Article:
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humpback Whale 


Latin: Megaptera novaeangliae
Gaelic: Muc-mhara-crotach



Months: January – December 

Length: Up to 17 metres

Range: Global distribution, absent from the Arctic Ocean

Threats: Entanglement in fishing gear, pollution, ship strikes

Diet: Fish and krill



Humpback whales are easy to distinguish from other baleen whales due to their distinctive appearance. The head has a number of knobbly tubercles, which are enlarged hair follicles. The body is predominantly black with white patches on the underside. The fluke can measure up to five metres across and the colouration and serrated trailing edge, is unique to each animal, which enables individuals to be identified. The dorsal fin is small and hooked, located far down the back on the hump, and is often scarred. Their mostly white pectoral fins are long and narrow (Megaptera means “great wing”) and may be as much as long five metres.Their blow is described as ‘bushy’ and can be as tall as four metres. Fourteen to twenty-two white ventral pleats extend from the lower jaw to mid-way down the belly. When fully grown, humpback whales can measure up to 17 metres and weigh 40,000 kg, with females normally slightly larger than males.


The behaviour of humpback whales varies according to the season. During breeding periods in the tropics, humpback whales do not feed and survive on fat (blubber) reserves. Male whales sing long, complex songs during the breeding season, presumably to attract females and warn off rival males. These songs are known to vary between populations and change over time. Competition between males can become aggressive and may involve lunges, charges and tail swipes. Humpback whales are normally seen as solitary individuals or in small groups of up to seven animals, and long-term associations are rare. In general, humpback whales are well-known for their energetic displays of breaching and lobtailing, although the reason for these behaviours is not fully understood. They can dive for up to 40 minutes and raise their tail fluke when making a deep dive. Humpback whales can also be very inquisitive and may approach boats where they will spy-hop and slap their pectoral fins on the water.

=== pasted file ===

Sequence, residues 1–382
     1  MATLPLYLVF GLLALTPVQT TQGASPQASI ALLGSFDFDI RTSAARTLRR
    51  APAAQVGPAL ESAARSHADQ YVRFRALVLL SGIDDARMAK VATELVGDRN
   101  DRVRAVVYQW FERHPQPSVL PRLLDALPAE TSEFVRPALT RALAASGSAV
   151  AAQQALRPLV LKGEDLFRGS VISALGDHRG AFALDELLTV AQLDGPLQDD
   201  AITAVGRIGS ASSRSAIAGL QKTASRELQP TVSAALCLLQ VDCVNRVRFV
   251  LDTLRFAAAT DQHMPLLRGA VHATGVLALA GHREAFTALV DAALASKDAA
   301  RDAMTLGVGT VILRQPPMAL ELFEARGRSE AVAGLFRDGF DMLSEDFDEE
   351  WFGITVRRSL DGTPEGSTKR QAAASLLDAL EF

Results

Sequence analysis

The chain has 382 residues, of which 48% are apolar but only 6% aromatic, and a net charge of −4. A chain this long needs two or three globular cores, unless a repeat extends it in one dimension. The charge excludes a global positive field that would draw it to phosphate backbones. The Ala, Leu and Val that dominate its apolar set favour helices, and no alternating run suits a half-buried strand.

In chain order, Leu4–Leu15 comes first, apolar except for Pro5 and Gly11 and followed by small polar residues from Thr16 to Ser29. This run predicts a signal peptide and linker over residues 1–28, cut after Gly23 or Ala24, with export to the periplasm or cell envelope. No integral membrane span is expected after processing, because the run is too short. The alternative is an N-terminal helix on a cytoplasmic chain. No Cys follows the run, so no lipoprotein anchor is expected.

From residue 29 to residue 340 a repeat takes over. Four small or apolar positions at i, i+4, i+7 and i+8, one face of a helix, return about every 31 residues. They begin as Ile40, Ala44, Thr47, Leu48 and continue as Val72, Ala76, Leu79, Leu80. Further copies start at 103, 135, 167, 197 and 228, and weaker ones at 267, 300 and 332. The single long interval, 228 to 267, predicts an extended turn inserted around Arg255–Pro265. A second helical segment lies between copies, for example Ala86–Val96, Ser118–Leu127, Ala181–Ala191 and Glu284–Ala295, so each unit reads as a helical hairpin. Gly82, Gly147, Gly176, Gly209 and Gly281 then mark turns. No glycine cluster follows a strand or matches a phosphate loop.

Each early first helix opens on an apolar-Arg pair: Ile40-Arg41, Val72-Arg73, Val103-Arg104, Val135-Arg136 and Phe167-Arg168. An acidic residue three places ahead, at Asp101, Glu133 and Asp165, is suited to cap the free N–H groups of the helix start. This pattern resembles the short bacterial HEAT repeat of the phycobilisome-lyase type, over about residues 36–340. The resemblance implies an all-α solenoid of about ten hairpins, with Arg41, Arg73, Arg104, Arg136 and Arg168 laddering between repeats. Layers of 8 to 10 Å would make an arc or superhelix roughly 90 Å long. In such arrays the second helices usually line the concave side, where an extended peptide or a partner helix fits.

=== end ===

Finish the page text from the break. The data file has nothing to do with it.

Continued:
Humpback whales are widely distributed throughout all oceans of the world. They travel thousands of miles from warm-water breeding grounds in the tropics to the cold-water feeding grounds in the polar regions. They favour inshore waters and continental shelf areas, but will travel through open water during their migration. Humpback whales are occasionally encountered in the Hebrides travelling between breeding grounds off Africa to feeding grounds around Iceland and Norway.



Humpback whales are thought to feed mainly on krill, herring and cod when in British waters. Their prey is filtered from the water by stiff baleen plates inside the mouth, and swallowed whole. Whales may forage alone, or in groups. Humpbacks have developed a sophisticated technique known as ‘bubble-netting’ where the whales produce a ring of bubbles to drive the fish together and push them up towards the surface where they can be caught in huge gulp. The fish appear disorientated and unwilling to swim through the bubbles.


Historically, humpback whales were targeted by commercial whalers and the global population was severely depleted. Today, humpback whales face a range of threats including collisions with vessels, entanglement in fishing gear, pollution and reduction in prey stocks. In the UK, sightings are rare although there is evidence that the North Atlantic population has recovered somewhat since the whaling moratorium was established in 1982.